‘Pharma bro’ Martin Shkreli launches new crypto-drug discovery venture
“Pharma bro” Martin Shkreli, the former pharmaceutical executive best known for raising the price of a life-saving drug by 4,000% and then going to jail, is embarking on a new venture.
He plans to launch a software platform called Dope which provides resources to individuals or organizations “looking to start or contribute to early-stage drug discovery projects.” The company’s goal is to “democratize the access, cost and rewards of early-stage drug discovery,” according to its Twitter profile.
Drug discovery and development takes a lot of time and money and requires Food and Drug Administration (FDA) approval. On average, the process from identifying a drug to getting it approved by the FDA could take 10 years and cost $1.3 billion, Druglike said.
Druglike, publicly announced on Monday, plans to offer a decentralized cloud-based service that provides “in silico” computer programs to identify and design drugs – the same software that big pharmaceutical companies use. It will also incorporate a blockchain verification system through which contributors can earn rewards paid in a new cryptocurrency called Martin Shkreli Inu (MSI).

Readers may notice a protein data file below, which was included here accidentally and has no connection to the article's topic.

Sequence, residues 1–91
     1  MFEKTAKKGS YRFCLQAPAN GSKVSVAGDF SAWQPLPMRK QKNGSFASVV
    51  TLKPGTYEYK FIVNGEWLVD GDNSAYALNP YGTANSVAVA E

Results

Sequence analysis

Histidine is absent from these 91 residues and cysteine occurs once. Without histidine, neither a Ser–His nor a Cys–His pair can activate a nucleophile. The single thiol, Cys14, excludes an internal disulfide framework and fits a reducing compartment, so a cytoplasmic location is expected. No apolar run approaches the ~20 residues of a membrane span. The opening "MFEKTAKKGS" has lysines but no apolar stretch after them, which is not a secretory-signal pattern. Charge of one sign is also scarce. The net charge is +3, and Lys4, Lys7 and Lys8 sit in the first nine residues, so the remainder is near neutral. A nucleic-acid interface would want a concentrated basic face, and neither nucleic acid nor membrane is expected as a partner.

Through the platform, anyone with web access can experience the “next breakthrough [in] medicine, Shkreli said in a statement. “A broad pool of innovators and contributors, rather than just pharma giants, [could] profit from drug discovery,” he added.
“It’s kind of like my revenge on the pharmaceutical industry to a certain extent. It would be fascinating if, say, the next big drug came out because… 20,000 volunteer computers made it instead of [say]Merck,” he told the Daily mail.
In January, a federal judge slapped Shkreli with a lifetime ban of the pharmaceutical industry. It is unclear whether his new project violates this prohibition, although Druglike states that it is “not a pharmaceutical company” nor engaged in drug development. Yet two attorneys general are already investigating Druglike, according to The daily beast. A spokesman for North Carolina Attorney General Josh Stein told the publication that his office was “concerned about this development and will be looking into it more closely.” The New York Attorney General’s office is also investigating Shkreli’s new venture.
In 2015, when Shkreli was CEO of Turing Pharmaceuticals, he raised the price of Daraprim, a drug that treats a specific parasitic infection that is particularly threatening to people with weakened immune systems, such as those with HIV/AIDS, to $750. against $13.50 per tablet. This decision drew widespread condemnation. He denied that the price increase was excessive and Told SCS at the time that he was simply “a capitalist.” I’m trying to create… a profitable pharmaceutical company.
But in 2018, a federal court sentenced Shkreli to seven years in prison after convicting him three counts of securities fraud. Shkreli was charged with defraud investors on millions of dollars they gave to his two hedge funds, then scammed money and shares of another biotech company he founded to pay off those investors. He was released from prison in May.
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